Old courthouse's fate in community's hands

City, not museum, dropped the ball

July 30, 2012 

  • At issue | July 22 Tom Eblen column, "Icon needs meaningful makeover"

Tom Eblen's column about the old courthouse and Lexington History Museum is a welcome contribution to the community discussion about the future of the building, closed by the city July 13 because of what was thought to be dangerous levels of lead in the building.

First, the museum management has known for years that there was lead paint and asbestos in the dome, and (intuitively) lead paint in the basement, the two areas not affected by the 1961 and 1972 renovations of the courthouse built from 1898 to 1900 that, among other improvements, added five courtrooms to the original one and created the fourth floor.

Because both the build date and the renovation dates for the building preceded the federal lead guidelines developed in 1978, lead removal was not a concern at the time.

And because the renovation of the building for museum operation took place from 2001 to 2003, the 2008 federal guidelines for removal of lead paint were not then in force.

Now, let's stop and think. From 1900 until 2001, the Fayette County Courthouse had dozens of employees and thousands of visitors exposed to lead paint throughout the building. Judges now in their 80s and 90s had long, healthy careers in the building. Untold numbers of children younger than 6 (the age range most affected by lead because of neurological development) stood with their parents in interminably long lines to renew license plates. Has anyone at any time been diagnosed with symptoms of any sort related to contact with this building?

The same goes for the asbestos that remains in place as insulation in the dome.

Can anyone think of any other city-owned buildings constructed before 1978 or renovated before 2008 that might also have lead paint? Are these buildings also going to be assessed as dangerous and closed?

Second, Eblen makes an excellent point that the mid-20th century renovations "ruined its interior beauty." The dome, however, was preserved in place, providing not just examples of the architectural details, but the building's color palette as well.

One should consider, however, what could have happened to the building had it not been for those "improvements." Most likely, the building would have been torn down and our downtown streetscape graced with a 1960s-era design.

Third, Eblen implies that museum management has been asleep at the switch about the need for specific improvements to upgrade the building as a museum. In 1999, the trustees engaged architect Greg Fitzsimons to draw up plans to restore the interior of the building to its original design, including the open staircase and two-story courtroom, as well as modern upgrades of HVAC, wiring and the like.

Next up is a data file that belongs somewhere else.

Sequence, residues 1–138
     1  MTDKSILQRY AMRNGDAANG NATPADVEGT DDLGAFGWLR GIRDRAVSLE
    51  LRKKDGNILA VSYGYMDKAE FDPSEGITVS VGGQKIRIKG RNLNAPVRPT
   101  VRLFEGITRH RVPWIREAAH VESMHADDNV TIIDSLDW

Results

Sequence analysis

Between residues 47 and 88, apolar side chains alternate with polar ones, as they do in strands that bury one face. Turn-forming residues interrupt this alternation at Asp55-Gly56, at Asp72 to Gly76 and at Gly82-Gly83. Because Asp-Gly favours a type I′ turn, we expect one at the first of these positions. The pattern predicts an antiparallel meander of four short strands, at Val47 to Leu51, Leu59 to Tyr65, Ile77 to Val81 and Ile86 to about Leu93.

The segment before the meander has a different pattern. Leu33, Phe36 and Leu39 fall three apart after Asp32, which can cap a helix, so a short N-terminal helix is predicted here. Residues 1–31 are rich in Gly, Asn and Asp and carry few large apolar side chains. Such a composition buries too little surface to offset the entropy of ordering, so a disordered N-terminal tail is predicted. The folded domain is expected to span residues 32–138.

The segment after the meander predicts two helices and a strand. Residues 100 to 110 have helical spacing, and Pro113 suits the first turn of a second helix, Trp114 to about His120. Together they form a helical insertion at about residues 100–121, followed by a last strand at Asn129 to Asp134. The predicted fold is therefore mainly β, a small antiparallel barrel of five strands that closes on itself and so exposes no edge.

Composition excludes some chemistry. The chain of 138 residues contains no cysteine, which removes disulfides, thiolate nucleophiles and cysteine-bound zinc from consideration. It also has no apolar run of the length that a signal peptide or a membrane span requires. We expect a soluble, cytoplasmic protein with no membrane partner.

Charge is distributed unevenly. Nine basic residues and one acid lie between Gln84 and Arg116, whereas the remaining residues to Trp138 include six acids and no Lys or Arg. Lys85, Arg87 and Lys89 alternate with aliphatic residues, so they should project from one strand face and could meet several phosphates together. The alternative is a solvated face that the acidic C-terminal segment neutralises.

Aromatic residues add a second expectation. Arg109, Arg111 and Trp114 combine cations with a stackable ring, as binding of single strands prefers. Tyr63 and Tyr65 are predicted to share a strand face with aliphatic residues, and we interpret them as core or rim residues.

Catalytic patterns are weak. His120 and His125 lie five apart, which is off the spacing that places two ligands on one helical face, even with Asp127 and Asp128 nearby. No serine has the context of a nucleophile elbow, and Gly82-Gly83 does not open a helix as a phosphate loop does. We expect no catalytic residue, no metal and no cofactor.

Part of the design includes a café to be operated in the Cheapside veranda, with inside seating and a kitchenette. Over time, consideration was given to planning retail space on the ground floor in spaces now occupied by two independent museums. From the very beginning, the Lexington Convention and Visitors Bureau had an open invitation to relocate to the ground floor, or to operate a satellite office in the building.

Finally, Eblen makes an excellent point that in the past, the city has bonded funding to save an old building, "then scrambled to figure out a use." That has never been the case with the old courthouse. The original intent from the Jan. 22, 1997, memorandum of understanding between the city and the state called for the city to "expend a minimum of one million dollars to convert the current Fayette County Courthouse to the Lexington History Museum, with the grounds of the current courthouse to be transformed into a park."

The city spent about $800,000 to convert the building to the museum but did nothing to upgrade the HVAC, which failed in the winter of 2009. Granted, the city has spent $231,000 over the past six years on maintenance, plus utility costs that have been far lower once the HVAC went out.

But the city bonded the Lyric Theatre several million dollars for its restoration and found $800,000 in private funds to build the Cheapside Pavilion, to say nothing of the millions in federal stimulus funds to improve the sidewalks.

So, funds have been available, but they flowed elsewhere. The city has yet to meet even its $1 million obligation.

Since October 2003, the museum has provided a note worthy service to the community, narrating the city's rich heritage to 46,104 natives, new residents and visitors from every state and 50 nations. It has constantly upgraded and added exhibits.

Is the old courthouse worth saving? Does it have a purpose? Does the community — public and private — have the will? Those are the unanswered questions.

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